“Why do some of our people sometimes talk and behave as if they are not educated,” queried the man from the podium, as he addressed his largely West African audience; “Illiteracy, the Bane of Africa’s Underdevelopment,” the international magazine headline recently declared; and according to the UNESCO Institute for Statistics, as at 2007, only 3 out of 10 adults in sub-Saharan Africa are literate. The above, represent the widespread belief held within and outside
Education ought to empower an individual to master the peculiarities of his surroundings and afford him the tools to improve on it qualitatively. In essence, what might be considered knowledge in a certain part of the world could amount to useless information in another. Take for instance a teacher in faraway northern Nigerian teaching his elementary school pupil under the perpetual year round heat that the four seasons of the year are; fall, winter, spring and summer. The confusion the pupil will encounter is such that will take him a very long time, if at all, to decipher what the word ‘season’ implies, owing to the lack of correlation with his environmental reality. While the example given may seem implausible, such, form the bulk of what is widely disseminated as knowledge in the continent of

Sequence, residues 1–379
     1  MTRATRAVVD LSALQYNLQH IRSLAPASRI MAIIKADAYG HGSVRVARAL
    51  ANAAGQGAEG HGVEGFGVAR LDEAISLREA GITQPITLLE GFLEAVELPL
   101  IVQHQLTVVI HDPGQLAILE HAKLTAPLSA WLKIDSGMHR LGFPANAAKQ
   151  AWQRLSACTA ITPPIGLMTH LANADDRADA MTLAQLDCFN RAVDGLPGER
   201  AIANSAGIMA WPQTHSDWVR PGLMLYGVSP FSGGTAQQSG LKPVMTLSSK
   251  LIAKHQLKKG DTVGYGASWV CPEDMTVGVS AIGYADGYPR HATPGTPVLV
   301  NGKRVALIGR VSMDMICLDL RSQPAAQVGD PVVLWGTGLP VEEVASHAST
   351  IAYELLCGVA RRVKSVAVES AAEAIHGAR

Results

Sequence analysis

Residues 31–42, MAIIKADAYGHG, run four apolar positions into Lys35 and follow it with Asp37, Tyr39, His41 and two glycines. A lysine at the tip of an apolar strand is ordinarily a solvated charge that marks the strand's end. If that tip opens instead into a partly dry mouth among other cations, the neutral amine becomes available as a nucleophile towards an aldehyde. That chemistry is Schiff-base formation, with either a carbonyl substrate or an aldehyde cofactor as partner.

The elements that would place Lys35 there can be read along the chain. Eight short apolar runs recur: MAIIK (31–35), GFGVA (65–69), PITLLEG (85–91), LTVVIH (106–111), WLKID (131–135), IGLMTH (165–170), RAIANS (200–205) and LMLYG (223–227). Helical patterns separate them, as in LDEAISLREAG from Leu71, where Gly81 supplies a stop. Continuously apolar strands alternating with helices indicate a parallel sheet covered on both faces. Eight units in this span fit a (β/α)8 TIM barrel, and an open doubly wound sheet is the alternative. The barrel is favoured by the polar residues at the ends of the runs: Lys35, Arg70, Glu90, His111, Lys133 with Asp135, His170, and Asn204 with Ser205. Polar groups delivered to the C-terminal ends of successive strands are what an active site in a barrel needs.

Western incursion into
Many generations later, inferiority complex and a passionate disregard for everything African reigns in the subconscious of the average African. Acquisition of western education is equated with the acquisition of common sense and values. People who were unfortunate not to have tarried within the four walls of a school are seen to be of no value to society. African herbal remedies are viewed with suspicion in several quarters, and the younger generations speak only the colonial language and cannot be caught speaking their mother tongue. An African, no matter how brilliant and of good character, who lacks a good command of either English or French as the case maybe or whose fairly acceptable grammar is accented with his local dialect has a much higher chance of finding a decent job in Europe and America than in his own country. But for the wise step taken by Mzee Jomo Kenyatta of
Worse still, are the courses offered within the African higher academic system; Euro-centered disciplines that lack applicability to the compelling needs of the continent and its people. Nothing prepares the African student for the reality he would face upon graduating with a degree in French, English, Business Management, Engineering, Food and Nutrition, Agricultural Economics or Pharmacy, to discover that he is still ill equipped to contribute meaningfully to his society. The fields mentioned are not inherently of no value to
The high drop out rate of pupils in